Tuesday 21 July 2020

unseasonal skirts

I've done quite a bit of sewing during COVID working from home, but have been slow to post things here. I aim to add a few of my makes before the end of the month, starting with these two skirts which were both made about three months ago.
First up is the Dolores Skirt from Le Maison Victor magazine in May Gibbs Flannel Flowers fabric in midweight cotton from Nerida Hansen. The May Gibbs print is lovely, and such iconic Australiana. This is the midnight shade - the fabric also comes in pink, summer blue and lemon, but I felt those paler shades did not show the print as clearly. This deep blue allows the flowers and bush babies to stand out.

This skirt is a very simple style and straightforward make, just a gathered button up skirt with a waistband and pockets. The gathering is uneven and almost pleated at parts, but because it's relatively full I felt the imperfections don't really show up enough to be worth redoing. The attention is drawn to the print, rather than the size of the gathers.

The buttons are dark wood from Spotlight. I considered white buttons to fit with the print but in the end the wood buttons suited the fabric better, by matching both the tone and feel of the print. 
I really like the length of this skirt. I have a few skirts in this below the knee length, all with moderate fullness. They're relaxed and easy to wear and dress up and down.

This second skirt is from Burda magazine, issue 12/2016, pattern 105. The pattern is a very basic fitted skirt shape, but with the curved zip closure. The pattern actually suggests also having a hidden side zipper, but it isn't necessary so I omitted it. The zipper is a double slide zipper, with slides at top and bottom. I've had it in my stash for a while after picking it up for 50c at an op shop a few years back. When I bought it I didn't have a pattern to use it for, but it really seemed like it would suit a skirt. The zipper is slightly shorter than the pattern asked for so doesn't quite reach the hem, but it didn't affect the making of the skirt.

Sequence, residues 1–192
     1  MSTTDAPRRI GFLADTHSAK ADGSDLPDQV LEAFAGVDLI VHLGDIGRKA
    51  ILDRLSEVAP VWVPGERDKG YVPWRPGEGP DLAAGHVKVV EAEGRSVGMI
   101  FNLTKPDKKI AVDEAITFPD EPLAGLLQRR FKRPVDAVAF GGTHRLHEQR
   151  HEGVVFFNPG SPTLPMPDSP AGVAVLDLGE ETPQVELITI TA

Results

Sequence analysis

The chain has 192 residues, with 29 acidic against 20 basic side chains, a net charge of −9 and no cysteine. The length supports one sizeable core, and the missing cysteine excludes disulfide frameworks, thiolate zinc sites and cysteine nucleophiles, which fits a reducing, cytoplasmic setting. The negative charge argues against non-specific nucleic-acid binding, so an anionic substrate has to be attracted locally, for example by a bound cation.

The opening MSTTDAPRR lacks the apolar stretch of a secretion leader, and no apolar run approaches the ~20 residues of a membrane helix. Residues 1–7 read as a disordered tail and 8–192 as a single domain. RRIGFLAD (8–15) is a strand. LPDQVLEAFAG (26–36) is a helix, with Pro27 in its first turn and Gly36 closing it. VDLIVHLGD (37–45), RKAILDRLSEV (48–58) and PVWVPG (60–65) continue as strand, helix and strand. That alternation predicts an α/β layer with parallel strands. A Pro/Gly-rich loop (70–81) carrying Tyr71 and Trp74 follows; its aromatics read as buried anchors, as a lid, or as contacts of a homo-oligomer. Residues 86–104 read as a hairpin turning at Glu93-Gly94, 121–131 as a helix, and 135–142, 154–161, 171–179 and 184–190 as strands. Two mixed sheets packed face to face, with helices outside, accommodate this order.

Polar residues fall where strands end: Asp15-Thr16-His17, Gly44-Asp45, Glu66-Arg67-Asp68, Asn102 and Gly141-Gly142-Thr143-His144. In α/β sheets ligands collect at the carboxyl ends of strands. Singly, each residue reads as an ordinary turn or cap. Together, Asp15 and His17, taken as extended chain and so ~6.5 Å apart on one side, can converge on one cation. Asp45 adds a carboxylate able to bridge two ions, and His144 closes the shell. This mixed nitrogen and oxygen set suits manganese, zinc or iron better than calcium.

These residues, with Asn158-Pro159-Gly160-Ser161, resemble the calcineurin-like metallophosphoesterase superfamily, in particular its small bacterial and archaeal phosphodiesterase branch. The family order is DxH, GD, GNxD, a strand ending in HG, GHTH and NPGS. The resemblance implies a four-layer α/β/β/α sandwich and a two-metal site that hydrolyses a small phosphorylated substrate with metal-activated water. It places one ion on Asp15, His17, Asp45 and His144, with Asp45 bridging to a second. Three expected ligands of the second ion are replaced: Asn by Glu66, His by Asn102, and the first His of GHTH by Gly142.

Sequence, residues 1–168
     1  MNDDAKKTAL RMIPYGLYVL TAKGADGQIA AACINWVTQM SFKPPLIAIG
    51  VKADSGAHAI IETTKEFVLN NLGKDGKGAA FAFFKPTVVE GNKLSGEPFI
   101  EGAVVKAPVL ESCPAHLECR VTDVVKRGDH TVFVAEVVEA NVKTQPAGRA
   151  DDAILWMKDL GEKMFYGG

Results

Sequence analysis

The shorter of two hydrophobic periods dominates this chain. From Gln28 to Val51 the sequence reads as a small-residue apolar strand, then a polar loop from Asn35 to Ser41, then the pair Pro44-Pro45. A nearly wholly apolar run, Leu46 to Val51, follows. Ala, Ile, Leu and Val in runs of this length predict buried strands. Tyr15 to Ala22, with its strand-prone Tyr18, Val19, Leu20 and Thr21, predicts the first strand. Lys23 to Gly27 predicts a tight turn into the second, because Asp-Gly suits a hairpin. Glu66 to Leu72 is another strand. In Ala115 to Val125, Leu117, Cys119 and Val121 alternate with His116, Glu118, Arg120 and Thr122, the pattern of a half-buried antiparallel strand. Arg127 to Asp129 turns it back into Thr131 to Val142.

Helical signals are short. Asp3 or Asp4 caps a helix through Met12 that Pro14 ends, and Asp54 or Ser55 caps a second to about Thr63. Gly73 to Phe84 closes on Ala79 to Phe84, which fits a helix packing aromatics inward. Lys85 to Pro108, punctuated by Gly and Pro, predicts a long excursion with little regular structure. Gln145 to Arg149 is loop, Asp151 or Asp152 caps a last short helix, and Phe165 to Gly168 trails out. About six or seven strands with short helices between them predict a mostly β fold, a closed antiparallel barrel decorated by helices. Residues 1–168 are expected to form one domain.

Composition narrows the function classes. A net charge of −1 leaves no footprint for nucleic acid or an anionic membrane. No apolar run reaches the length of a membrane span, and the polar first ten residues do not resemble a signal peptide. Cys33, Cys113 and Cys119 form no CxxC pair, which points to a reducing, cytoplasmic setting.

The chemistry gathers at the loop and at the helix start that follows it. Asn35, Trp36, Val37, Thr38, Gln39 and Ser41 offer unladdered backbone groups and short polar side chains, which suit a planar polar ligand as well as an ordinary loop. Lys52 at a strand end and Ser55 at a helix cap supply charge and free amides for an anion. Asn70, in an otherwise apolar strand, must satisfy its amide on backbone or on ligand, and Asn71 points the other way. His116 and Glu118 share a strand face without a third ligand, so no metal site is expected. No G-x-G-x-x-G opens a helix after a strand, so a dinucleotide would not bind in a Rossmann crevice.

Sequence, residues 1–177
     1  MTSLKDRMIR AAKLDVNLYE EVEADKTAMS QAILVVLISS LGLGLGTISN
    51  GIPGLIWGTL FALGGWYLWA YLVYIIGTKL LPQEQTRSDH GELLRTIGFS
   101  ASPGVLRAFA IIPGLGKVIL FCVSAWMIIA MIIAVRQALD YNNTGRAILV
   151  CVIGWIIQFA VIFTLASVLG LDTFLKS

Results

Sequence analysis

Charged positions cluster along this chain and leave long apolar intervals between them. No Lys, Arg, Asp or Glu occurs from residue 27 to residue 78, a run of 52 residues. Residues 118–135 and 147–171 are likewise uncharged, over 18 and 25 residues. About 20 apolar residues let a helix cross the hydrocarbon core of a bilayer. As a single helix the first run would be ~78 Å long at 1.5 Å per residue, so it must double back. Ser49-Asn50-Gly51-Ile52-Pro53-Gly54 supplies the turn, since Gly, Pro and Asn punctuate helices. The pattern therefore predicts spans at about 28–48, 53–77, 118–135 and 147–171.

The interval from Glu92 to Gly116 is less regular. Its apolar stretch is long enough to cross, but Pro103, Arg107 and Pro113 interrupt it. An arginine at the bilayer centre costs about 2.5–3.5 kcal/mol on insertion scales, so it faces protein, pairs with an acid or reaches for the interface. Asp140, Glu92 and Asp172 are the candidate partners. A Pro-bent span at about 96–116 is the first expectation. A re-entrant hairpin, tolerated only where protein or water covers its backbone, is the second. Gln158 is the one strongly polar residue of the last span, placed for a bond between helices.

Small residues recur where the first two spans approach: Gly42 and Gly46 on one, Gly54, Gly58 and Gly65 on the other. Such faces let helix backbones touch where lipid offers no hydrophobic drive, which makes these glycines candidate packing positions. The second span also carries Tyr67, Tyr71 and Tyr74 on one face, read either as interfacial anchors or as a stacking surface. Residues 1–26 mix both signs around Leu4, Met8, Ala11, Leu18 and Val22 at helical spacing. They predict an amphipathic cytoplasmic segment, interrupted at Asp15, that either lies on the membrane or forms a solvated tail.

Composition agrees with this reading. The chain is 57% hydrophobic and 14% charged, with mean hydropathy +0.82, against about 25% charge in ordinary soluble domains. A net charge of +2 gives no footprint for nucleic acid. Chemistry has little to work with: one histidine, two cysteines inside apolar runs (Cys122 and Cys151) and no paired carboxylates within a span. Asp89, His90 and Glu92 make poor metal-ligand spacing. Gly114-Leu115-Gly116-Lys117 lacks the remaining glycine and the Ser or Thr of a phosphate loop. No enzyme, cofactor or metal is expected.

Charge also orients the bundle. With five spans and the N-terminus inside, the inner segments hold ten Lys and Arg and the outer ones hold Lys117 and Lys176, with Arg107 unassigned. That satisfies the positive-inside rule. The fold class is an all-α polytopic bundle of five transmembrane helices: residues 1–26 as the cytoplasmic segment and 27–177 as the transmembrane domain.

Construction was mostly straightforward. Inserting the zipper along the curved seams was a bit fiddly, but mostly just required careful pinning in place and sewing slowly to ensure it remained even. It was slightly bumpy when I finished sewing it but that was easily fixed by pressing the stitching. The harder part was attaching the facing behind the top of the zipper curve. The extra bulk meant that the front of the skirt sits about half a centimetre above the back to accommodate the seam allowance even after it was trimmed back. If I'd thought beforehand I might have made the right front (the lower curve) finish half a centimetre lower to help the waist align properly, but it's a minor imperfection.

The fabric is a Liberty of London cotton twill bought from the fabric store, although I can't remember the name of the print and it doesn't seem to be available on their website anymore. The weight is perfect for the pattern, because it has body and holds shape but was still able to handle curved seams. I liked the print as well - it's colourful but still pretty simple and versatile and works well with a lot of things.

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